(For this step you will need several 6-12 inch pieces of ribbon prepared ahead of time… I recommend pink, white or purple. Narrow strips of something natural like raffia also look nice.) Lay out a strip of ribbon on a flat surface, probably your dining room table. Gently place the stems of your newly sculpted bouquet into the middle of the ribbon. Wrap the ribbon around the stems and secure by tying a bow. You can still adjust the height of the flowers by pulling them up and down if you need to. Once they are all in place… cut the bottoms off of the stems so that they are all relatively the same length.

    Ready to display! My favorite display option is in a vase, but larger bouquets look lovely hanging on a door or wall.

    Have fun crafting with home grown decorations from your garden!

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9 Responsesso far.

  1. Flowers have a curious magical power over people. Not only do they add to our present but are also linked to our past. Dried flowers, in this respect, are an important part of our lives.

  2. Ruth Ridley says:

    The great thing about dried lavender is that its fragrance is long lasting. Did you know you can actually tell whether you’re going to get a good colour of dried lavender by checking the bush before you start?

  3. The scent of lavender has been proven to lift people’s spirits by fighting depression, can relax the mind after a grueling day, and can even help soothe body aches and pains. When used in our homes, lavender can enhance our moods and make life more enjoyable. There are many ways to use the power of lavender and incorporate that power into our daily lives. These gorgeous purple flowers can be dried and used either in stalk form or through the dried buds of its flowers. You can also purchase lavender essential oil for a highly concentrated source that will give a tremendous amount of aromatherapy with using only a few drops of the oil.

  4. garden bay says:

    If you have never grown lavender in your garden or landscape, you are missing out on the most fragrant plants available. My experience with growing lavenders is that they are ever dedicated to making my garden a mysterious, magical wonderland and me a better person because of it. This may sound strange, but if you have ever grown lavender in your garden, you understand.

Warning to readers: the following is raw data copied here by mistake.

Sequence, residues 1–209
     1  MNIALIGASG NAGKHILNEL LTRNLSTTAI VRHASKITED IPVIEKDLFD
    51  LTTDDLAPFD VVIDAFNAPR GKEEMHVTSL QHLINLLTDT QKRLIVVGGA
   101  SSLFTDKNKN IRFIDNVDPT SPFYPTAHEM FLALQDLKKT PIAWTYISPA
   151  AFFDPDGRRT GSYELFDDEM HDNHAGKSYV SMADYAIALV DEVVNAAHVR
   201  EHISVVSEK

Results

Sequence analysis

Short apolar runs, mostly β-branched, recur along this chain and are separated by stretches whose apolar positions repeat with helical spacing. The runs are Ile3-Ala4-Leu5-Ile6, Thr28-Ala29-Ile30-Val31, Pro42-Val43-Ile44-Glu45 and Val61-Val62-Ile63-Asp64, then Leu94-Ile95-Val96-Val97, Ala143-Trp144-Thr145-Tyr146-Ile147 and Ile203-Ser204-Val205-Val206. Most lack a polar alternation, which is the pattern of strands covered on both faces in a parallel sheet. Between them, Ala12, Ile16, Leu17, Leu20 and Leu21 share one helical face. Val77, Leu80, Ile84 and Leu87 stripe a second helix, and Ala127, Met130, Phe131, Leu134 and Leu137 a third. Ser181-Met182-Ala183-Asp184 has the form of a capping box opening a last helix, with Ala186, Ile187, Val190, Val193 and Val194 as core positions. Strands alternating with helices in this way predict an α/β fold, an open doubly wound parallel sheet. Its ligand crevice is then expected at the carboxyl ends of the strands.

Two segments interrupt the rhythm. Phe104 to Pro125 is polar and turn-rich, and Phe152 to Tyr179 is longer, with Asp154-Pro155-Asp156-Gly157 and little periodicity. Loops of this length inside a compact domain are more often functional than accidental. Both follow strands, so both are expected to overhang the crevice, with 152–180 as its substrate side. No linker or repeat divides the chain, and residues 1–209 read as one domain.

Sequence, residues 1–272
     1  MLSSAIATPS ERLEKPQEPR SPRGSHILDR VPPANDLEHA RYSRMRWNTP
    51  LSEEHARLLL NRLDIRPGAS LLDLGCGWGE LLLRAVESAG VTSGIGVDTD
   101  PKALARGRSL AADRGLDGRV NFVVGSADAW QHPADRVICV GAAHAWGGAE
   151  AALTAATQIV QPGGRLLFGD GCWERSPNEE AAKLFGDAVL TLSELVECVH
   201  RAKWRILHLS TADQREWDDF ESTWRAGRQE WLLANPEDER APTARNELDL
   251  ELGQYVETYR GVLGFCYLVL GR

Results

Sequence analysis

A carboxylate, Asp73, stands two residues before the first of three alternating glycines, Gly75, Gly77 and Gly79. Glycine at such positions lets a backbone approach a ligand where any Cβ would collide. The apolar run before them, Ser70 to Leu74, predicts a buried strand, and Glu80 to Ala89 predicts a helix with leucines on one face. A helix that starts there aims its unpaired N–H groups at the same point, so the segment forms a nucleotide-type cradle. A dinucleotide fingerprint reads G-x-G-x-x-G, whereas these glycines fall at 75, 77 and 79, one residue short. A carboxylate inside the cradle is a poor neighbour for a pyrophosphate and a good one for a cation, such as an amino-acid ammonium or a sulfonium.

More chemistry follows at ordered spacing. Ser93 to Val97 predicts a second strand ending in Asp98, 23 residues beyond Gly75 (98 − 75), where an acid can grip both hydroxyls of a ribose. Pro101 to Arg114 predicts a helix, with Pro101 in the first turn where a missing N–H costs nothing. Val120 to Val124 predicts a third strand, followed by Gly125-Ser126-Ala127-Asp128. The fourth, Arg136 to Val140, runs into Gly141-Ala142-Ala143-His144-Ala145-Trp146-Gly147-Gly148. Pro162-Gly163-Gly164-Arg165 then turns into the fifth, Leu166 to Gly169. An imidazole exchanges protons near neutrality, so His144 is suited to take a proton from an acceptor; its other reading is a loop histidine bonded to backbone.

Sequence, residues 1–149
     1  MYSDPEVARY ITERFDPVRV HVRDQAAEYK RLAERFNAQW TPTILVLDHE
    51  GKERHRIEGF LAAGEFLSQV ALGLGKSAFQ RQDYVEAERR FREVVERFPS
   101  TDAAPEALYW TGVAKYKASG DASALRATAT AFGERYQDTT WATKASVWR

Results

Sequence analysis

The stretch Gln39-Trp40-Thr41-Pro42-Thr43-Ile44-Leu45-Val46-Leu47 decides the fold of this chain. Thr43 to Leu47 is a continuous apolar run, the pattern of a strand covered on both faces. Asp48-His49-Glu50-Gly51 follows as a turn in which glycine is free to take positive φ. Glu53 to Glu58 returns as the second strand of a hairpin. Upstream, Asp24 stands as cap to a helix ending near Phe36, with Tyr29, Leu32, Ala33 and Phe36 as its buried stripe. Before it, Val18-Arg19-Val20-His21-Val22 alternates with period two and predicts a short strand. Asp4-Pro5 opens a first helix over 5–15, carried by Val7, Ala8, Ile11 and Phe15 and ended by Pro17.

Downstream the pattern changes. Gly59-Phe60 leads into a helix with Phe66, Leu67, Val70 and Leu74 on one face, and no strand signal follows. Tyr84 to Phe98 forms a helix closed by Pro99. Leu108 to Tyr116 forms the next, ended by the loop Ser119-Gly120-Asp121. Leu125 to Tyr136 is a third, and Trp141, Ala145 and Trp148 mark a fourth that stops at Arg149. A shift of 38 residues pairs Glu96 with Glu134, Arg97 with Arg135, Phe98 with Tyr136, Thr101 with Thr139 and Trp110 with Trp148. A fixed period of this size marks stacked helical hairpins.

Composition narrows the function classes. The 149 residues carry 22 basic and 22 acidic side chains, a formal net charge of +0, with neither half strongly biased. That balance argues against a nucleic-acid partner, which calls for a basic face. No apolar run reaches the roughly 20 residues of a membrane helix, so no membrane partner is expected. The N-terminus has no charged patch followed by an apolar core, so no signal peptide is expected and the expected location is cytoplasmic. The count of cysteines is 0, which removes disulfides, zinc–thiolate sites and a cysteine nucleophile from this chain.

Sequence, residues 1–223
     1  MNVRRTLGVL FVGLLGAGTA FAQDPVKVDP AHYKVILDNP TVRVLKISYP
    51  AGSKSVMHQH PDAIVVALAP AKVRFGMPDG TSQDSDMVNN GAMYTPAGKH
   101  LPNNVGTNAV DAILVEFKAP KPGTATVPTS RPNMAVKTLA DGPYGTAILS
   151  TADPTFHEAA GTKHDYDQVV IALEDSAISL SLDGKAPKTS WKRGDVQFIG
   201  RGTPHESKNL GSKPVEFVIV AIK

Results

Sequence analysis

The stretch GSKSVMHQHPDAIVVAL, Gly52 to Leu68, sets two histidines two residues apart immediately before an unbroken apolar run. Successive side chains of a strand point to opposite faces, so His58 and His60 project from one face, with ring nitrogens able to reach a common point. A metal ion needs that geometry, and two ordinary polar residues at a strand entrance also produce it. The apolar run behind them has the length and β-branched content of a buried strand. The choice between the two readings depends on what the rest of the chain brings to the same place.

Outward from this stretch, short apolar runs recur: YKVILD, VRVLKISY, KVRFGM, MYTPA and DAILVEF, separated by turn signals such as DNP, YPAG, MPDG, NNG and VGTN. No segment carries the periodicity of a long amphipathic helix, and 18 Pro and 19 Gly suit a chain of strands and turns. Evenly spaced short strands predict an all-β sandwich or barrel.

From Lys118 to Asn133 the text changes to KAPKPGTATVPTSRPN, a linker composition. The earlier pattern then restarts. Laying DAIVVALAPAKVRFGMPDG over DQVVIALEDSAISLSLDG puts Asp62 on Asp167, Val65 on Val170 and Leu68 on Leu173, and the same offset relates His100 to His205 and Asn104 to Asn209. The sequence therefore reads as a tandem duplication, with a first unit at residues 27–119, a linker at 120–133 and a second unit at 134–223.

5. My wedding is in January and I would like to use lavender for the bouquets and centerpieces, but I want it to be fresh and alive. Any ideas?

  6. Indigo says:

    @Ronald… yes actually, there is a great little lavender wreath tutorial by Post Road I found a while back. These would make lovely centerpieces as well as wreaths for hanging.

    ~i

  7. Will the flowers be brittle and break and will they add enough color and should I put other flowers with the lavender? If so what kind of flowers work well with dried lavender? Please send pics of any ideas using lavender.

  8. Wrap the taped stems in a wide ribbon, leaving some to trail and curl. This is an element in nearly every tossing bouquet, for both its practicality and attractiveness. Accent it by wrapping narrower ribbon over the wide one, and cutting them long to give a pretty flying effect. If the ribbons you use fray, run a line of craft glue or hot glue over the ends and let dry.

  9. Wanda says:

    Thanks for the post!!